First, Undead. It’s a hi-larious little zombie movie, set in an Australian fishing village. In addition to zombies, it has a cowboy fisherman, a reluctant beauty queen, aliens, and the requisite woman-in-labor sub-plot. What’s not to like? For the zombie aficionados, it has a bit of a Shaun of the Dead feel, what with Teh Funny and all, and the zombies are slow and shambling.
Second, Hostel. This is another Eli Roth film. Hostel wasn’t as good as Cabin Fever. It lacked the same humor component, which made the gore feel more relentless. Roth does a great job of creating texture and atmosphere, though.
Next up, Dog Soldiers. Werewolves? Check. Gore? Check. Stunning views of the Scottish Highlands? Check. Okaythen!
I got this from the Nick Cave listserve (um, yeah, I know). His 15yo son, Jethro (Jethro! Of all things!) Lazenby is trying modelling on for size. For friends and family, he’s a dead ringer for Gabe, back when he had long hair.
Now, to commence waiting for the DVD release of The Proposition.
I spent most of the weekend doing manual labor. As a reward, I dangled a few fil-ums in front of myself. One of them was Wolf Creek. Holy crap! I’m a huge fan of horror movies. It takes a fair amount to gross me out and even more to truly scare me. This one did both. In fact, I had to watch it in three sittings, because it creeped me out that badly. The creepiness started with the juxtaposition of the wild and gorgeous and completely unforgiving landscape with the “happy kids on holiday.” It was just three college students and the Australian Outback, where there’s nothing but sand and rock and sky and wildlife, as far as the eye can see. That isolation created a sense of disquiet that continued to build, unrelieved, throughout the film. I think the tension, as much as the actual “gore” scenes, was what made the film so frightening.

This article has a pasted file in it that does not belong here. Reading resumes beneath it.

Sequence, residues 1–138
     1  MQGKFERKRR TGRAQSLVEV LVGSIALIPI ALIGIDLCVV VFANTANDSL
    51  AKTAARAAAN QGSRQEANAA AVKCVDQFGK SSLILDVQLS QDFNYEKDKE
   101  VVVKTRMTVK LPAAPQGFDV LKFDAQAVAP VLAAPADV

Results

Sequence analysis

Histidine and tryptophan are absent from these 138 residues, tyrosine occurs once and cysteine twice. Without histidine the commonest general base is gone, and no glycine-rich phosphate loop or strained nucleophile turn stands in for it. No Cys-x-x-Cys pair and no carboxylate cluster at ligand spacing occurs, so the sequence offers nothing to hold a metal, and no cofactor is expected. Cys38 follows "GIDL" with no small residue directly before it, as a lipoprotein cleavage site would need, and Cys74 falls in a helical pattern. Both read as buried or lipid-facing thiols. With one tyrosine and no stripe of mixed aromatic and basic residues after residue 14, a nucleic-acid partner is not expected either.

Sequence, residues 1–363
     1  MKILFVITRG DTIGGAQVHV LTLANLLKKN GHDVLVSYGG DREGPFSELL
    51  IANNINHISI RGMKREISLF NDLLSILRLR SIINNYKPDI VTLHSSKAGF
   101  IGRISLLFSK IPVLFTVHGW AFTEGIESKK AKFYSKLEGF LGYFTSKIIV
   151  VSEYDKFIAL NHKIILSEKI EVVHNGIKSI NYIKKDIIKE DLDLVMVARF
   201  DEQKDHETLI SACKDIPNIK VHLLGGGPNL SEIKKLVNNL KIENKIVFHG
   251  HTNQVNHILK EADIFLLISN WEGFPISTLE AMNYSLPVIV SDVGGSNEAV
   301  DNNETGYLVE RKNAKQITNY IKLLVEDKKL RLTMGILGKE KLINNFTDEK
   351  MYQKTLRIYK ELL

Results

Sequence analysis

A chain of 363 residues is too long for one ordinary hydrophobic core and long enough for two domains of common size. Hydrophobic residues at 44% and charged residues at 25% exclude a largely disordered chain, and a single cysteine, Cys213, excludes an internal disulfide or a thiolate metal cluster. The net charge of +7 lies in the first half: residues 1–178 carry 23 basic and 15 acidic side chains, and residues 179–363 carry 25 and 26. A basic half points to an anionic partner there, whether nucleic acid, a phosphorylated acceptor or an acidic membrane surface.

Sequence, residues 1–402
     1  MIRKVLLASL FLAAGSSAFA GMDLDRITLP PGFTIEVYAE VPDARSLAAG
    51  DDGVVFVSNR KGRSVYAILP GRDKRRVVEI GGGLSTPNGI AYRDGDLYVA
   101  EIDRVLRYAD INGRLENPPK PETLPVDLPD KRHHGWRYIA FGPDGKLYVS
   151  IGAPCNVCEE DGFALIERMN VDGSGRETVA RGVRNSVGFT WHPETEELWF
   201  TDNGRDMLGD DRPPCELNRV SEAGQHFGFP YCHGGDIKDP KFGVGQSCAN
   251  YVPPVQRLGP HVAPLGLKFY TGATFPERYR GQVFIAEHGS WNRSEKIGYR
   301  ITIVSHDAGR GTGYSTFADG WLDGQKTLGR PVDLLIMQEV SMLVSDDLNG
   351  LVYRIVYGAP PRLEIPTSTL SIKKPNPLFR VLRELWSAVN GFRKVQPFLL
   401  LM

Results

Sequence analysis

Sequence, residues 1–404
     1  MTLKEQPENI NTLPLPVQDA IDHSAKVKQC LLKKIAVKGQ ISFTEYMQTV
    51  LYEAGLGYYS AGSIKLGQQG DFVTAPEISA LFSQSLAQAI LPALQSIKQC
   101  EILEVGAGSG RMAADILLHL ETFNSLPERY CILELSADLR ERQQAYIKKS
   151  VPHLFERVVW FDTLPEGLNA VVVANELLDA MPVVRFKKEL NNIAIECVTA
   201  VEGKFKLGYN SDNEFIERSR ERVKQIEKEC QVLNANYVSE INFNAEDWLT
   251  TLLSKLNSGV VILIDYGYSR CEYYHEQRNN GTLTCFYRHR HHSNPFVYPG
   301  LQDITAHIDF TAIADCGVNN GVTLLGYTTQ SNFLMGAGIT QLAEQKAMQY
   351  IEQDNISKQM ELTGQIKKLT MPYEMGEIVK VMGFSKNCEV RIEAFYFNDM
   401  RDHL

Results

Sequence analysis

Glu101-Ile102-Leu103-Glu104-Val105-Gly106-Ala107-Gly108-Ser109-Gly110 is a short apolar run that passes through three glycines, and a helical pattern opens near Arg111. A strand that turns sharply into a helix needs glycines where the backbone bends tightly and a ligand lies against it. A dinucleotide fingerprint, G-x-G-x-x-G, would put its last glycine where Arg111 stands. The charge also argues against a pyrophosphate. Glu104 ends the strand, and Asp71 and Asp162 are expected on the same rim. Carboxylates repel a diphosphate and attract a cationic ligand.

It was “based on a true story” in the same way that Fargo was. In other words, not so much. There are several murder cases that it is said to be based on, but none of them are a good match. I think linking it to actual events was nothing but creative marketing. It didn’t hurt that it was written, acted, and filmed in a hyper-realistic manner. There is a true crime feel to to the movie that adds to the uber-creep factor.